Apple has added a karaoke feature to Apple Music, rolled out in time for serenading on the most important holiday of the year — I’m talking, of course, about Valentine’s Day.
Included in the iOS 16.2 update, Apple Music Sing allows users to independently adjust the volume of the vocals on a track, including fading them away enough to essentially turn them into karaoke backing tracks. The Music app’s enhanced lyric presentation then allows users to sing along (to the best of their abilities).
“We already know our users all over the world love to follow along to their favorite songs, so we wanted to evolve this offering even further to enable even more engagement around music through singing,” Oliver Schusser, vice president of Apple Music and Beats, said.
Apple didn’t comb through all the millions of songs in its library and adjust them one by one, though — Sing leverages machine learning AI, which isolates the vocal tracks in real time and then allows users to independently control the volume.
The tech is based off of previous work for Apple’s noise canceling and FaceTime applications, TechCrunch reported. And while the vocals get low like they’re wearing boots with the fur, the words aren’t removed fully.
The lyrics function — already “consistently one of the most popular features” of Apple Music, per Schusser — also received an upgrade.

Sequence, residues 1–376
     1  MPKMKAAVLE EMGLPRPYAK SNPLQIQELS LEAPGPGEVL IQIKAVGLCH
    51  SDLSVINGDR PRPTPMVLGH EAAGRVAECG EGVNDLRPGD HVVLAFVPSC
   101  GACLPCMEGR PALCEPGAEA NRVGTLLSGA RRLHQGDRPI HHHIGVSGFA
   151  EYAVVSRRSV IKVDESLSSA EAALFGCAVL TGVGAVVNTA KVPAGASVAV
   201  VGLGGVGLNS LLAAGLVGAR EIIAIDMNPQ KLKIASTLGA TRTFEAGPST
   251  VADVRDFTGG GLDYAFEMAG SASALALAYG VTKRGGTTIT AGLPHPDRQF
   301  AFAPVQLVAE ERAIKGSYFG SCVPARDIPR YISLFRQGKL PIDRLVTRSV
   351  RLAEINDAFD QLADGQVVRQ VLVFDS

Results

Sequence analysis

Real-time lyrics will now move in time to the song, animating every syllable and including visual cues for when artists are holding a note, per TechCrunch. Lyrics will separate and animate backing vocals for easier following along, while a “duet view” splits combined vocals to different sides of the screen.
Android users will get these lyric enhancements, but no slider; currently, the whole kit and kaboodle is limited to compatible iPhones and iPads, as well as Apple TV 4K.
Not every song currently has the Sing feature, which is enabled by using the slider from the lyrics mode. Currently, the feature works with the services’ most popular songs, and 50 playlists have been released with cuts ready to go, including staples like Shania Twain’s “Man! I Feel Like a Woman!”, newer tracks from acts like Olivia Rodriguo and Gunna, and Rihanna’s “Umbrella,” which Freethink used as a demo.
Apple is second to the karaoke game behind Spotify, which launched theirs in June. But, as Engadget noted, the two services seem to be taking different tacks; Spotify’s records and rates performances, turning them into a game, while Apple Music Sing seems more oriented to karaoke’s party-time roots.
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